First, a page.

From this one concludes that Gavin Schmidt, Sheldon Bacon and Mark Brandon are not deeply in love with Peter Wadham, or have much respect for his opinions on arctic sea ice.

Sunday, October 19, 2014

Rick Piltz of Climate Science Watch Has Died

Word comes that Rick Piltz of Climate Science Watch has died.  It is one of the sadnesses of living to watch those you like and respect die.  In a strange way Rick left his statement of being at Climate Science Watch just before he went into the hospital, responding to one of the usual suspects who was trying a double Dunning-Kruger with backflips, just the sort of thing Rick hated:
"I did my graduate study in political science and my undergraduate in experimental psychology, at Michigan, long ago. I listen to leading climate scientists, I know leading climate scientists. I would never pass myself off as one.  
I have been focused first and foremost on the problem of global warming and climatic disruption since Jim Hansen testified in 1988. I came to that interest, as with other environmental, natural resource, and energy issues I have worked on for the past 35 years, primarily from the policy side. I spent four years on the professional staff of the House Committee on Science, Space, and Technology, and 10 years in a senior staff position in the U.S. Global Change Research Program Coordination Office here in Washington (that's the $2 billion multiagency program that supports the research and observing systems on climate and global change).  
During those years I became very attuned to what I came to refer to as the "collision" between the world of climate science and the realities of Washington politics. I saw how politicians in Washington used, misused, and denied what scientists were telling them, and how difficult it was to make this essential communication channel function productively.  
So at this point I know considerably more science than most people in the arena of policy and politics, and more about the latter than most scientists. My project, and whatever contribution it makes, is primarily aimed at government accountability in national policymaking. I have an analysis and an approach for doing that, and Climate Science Watch is the vehicle via which I and various collaborators express that.  
At this point, I think the discourse about climate change, certainly at the power elite level, is shifting, or has shifted, from what we might call the science-policy nexus, toward questions about economics, business, politics, energy policy, national security planning, and so forth. I can deal with that and that's where our attention is moving, I think.  
Of course there are many important scientific questions about the physical climate system to research, and I spent quite a few years doing what I could to encourage bipartisan support for a strong research program, regardless of people's policy disagreements. But this is not a science education and debate site, and the discourse about unresolved research issues on the physical climate system are well-argued in many other venues by people with serious qualifications.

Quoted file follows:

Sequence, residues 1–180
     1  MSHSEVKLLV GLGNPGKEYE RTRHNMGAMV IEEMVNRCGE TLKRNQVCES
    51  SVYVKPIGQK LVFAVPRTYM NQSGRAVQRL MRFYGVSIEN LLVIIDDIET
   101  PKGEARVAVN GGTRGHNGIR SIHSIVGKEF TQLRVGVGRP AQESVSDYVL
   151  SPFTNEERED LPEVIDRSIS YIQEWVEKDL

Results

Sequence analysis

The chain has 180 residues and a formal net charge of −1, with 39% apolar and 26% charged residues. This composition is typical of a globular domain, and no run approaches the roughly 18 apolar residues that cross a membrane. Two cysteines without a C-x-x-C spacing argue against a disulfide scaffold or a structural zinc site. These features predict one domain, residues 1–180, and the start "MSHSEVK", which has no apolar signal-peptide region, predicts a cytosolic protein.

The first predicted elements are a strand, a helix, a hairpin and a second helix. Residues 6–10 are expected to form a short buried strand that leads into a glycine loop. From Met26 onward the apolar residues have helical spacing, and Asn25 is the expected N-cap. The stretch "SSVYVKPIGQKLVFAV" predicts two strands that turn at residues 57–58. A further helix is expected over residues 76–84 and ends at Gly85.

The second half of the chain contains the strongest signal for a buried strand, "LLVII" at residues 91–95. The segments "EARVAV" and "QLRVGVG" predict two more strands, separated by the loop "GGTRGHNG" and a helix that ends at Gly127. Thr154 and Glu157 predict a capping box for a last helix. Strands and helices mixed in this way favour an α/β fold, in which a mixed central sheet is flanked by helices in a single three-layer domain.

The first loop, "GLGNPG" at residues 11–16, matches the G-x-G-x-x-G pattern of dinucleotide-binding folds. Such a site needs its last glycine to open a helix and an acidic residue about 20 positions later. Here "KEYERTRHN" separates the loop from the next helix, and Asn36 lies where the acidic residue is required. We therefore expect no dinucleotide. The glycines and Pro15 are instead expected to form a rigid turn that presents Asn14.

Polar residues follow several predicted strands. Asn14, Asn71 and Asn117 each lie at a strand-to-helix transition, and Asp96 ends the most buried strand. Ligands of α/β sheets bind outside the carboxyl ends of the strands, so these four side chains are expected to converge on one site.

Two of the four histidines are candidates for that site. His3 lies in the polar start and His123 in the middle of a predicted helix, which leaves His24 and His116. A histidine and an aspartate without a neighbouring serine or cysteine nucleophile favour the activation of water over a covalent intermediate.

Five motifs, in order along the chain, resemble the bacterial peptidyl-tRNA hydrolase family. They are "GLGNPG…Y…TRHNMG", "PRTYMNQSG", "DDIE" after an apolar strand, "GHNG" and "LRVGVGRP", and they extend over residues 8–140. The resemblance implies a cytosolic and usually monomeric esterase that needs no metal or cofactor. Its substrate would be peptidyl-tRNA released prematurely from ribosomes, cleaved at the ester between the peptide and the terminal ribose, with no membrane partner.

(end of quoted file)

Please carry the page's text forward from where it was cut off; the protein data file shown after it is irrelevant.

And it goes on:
But when Rupert Murdoch and the Wall Street Journal put out a piece with a "take no action" slant on the eve of a big UN climate summit and climate movement rally, I take what the WSJ is doing as essentially a political gesture. They print only 'skeptic' or 'contrarian' pieces, there's no real balance in their coverage, they are trying to frame a political narrative for the corporate elite. When there's an opportunity to post something with an alternative view, that raises questions about what they've published, I can do that. I don't have to be able to resolve the science issues in order to do it."
Rick will be missed.

Winner of the Ridenhour Prize for Truth-Telling (2006).

Wednesday, October 15, 2014

Does Africa Need Telephone Poles

Eli, being Eli, has been excessively annoyed by the trolls at the Breakdown Institute.  True, they are excellent trolls, whose mission in life is to demand the impossible and denigrate the possible, a tried and true tactic if your purpose is to block all progress and, indeed they do appear to be prospering.

But never mind.  If you really must, go read their twitter blather.  Eli enjoys trolling the trolls a bit, and you might too.

However, the real point of this post is to point out that thanks to modern progress there now are cell phones which have made it possible to erect a functioning telecommunications, entertainment, information and banking systems in very rural and very poor areas including the megaslums of third world cities.  Eli would venture so far as to say that we have tools to electrify about every hut on the planet, if, by that you mean a light or two, a cell phone, and smart cell phones are pretty much mainframe computers compared to mainframe computers in the 1970s (remember the 1401 JohnM, first computer Eli ever programmed).  As anybunny walking through the streets or fields knows there is all sorts of educational and entertaining stuff that can be seen through small screens and if you must have a computer there is always as Raspberry PI.